GRAND RAPIDS, Mich. (WOOD) — Now that Easter weekend is here, it’s the time that many people start planting their gardens.

But under the current state restrictions, garden centers are not allowed to sell products.

Five generations of Ludemas have grown and sold vegetables, plants and flowers on Eastern Avenue, south of 28th Street SE, surviving wars and depressions.

But the order keeping them from selling during the busiest time of the year threatens to end all that.

“It’s terrifying,” said Allison Ludema, part of that fifth generation.

The store normally employees 60 people this time of year, selling to a steady stream of people over the next eight weeks.

“This is their income for the entire year is beginning right now and will occur over the next six to eight weeks,” said Audrey Sebolt, horticultural specialist with the Michigan Farm Bureau.

Greenhouses and garden centers can still grow and tend, but can’t sell — even though owners report getting hundreds of calls a day asking for products.

“If retail garden centers are not allowed to be considered essential, it will be devastating for this industry,” Sebolt said. “They’re showing pictures of their garden centers and they all look beautiful right now, but all the doors are closed with signs saying: sorry, we can’t open to the public.”

Most garden centers start planning for this time in October. May and June are by far their busiest months, which sustains the business for the rest of the year.

“Our product is perishable, so we can’t put it back on the shelf. We can’t stop it from growing,” Ludema said. “We’re getting a lot of phone calls right now from people wondering what’s happening and everybody is wanting and willing to pay for these products right now.”

Already missing out on Easter sales, the growing season could be terminal if it can’t sell for Mother’s Day.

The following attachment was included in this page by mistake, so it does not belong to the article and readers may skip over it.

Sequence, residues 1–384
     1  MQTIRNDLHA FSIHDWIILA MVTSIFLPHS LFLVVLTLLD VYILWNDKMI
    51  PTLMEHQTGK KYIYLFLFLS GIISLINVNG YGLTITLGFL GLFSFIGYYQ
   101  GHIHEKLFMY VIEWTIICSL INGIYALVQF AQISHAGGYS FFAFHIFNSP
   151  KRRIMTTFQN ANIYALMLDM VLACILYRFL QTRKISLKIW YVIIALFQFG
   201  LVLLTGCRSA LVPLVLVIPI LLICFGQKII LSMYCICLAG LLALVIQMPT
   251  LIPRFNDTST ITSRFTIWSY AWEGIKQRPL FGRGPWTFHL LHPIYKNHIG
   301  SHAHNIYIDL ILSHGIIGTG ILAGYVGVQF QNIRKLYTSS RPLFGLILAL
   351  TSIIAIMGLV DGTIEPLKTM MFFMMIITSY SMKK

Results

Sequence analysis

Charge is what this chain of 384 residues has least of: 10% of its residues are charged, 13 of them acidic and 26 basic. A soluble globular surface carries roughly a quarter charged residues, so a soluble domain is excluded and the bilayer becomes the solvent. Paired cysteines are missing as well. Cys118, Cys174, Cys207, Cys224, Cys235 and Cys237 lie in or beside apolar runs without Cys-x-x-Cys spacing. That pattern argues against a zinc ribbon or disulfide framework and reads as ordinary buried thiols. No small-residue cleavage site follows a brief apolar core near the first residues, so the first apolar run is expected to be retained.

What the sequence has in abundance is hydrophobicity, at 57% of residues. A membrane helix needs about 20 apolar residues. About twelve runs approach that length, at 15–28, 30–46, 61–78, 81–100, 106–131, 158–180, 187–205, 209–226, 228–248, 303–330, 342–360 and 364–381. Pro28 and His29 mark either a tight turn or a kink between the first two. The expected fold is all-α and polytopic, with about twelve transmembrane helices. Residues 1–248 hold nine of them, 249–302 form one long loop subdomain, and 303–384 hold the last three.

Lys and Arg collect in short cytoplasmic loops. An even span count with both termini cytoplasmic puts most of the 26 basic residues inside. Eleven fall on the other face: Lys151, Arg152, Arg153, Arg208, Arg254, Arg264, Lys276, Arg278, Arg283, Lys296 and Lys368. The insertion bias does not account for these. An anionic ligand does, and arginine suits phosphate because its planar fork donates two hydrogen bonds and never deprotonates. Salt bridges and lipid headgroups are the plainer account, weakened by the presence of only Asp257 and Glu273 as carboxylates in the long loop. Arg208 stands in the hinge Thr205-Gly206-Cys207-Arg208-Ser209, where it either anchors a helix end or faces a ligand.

“If we were not able to sell at all this year, it would be very, very difficult to come back from that,” Ludema said.

“Under this executive order, people cannot buy vegetable plants to plant their gardens,” Sebolt said.

She said many people rely on summer vegetable gardens for sustenance, including community gardens and tribal areas.

The story is the same for other greenhouses and garden center owners. A couple of them were so overcome with emotion, they couldn’t go on camera because they fear they would break down.

While they can apply for federal and state loans, that may not save this industry.

“I’ve heard from many members saying no amount of programs or low interest or zero-interest loans could save my business if we are not allowed to open,” Sebolt said.

So now, the state Farm Bureau is appealing to the governor to allow for limited contact sales either through delivery or curbside pickup at least by the beginning of May.

Sebolt said New York, Ohio, Illinois and other states make similar provisions for garden centers.

She says even with the restricted opening, many of these businesses could face serious trouble. But without opening, they could disappear.

The farm bureau is talking to legislators who are getting behind their effort.

News 8 reached out to the governor’s office but did not hear back.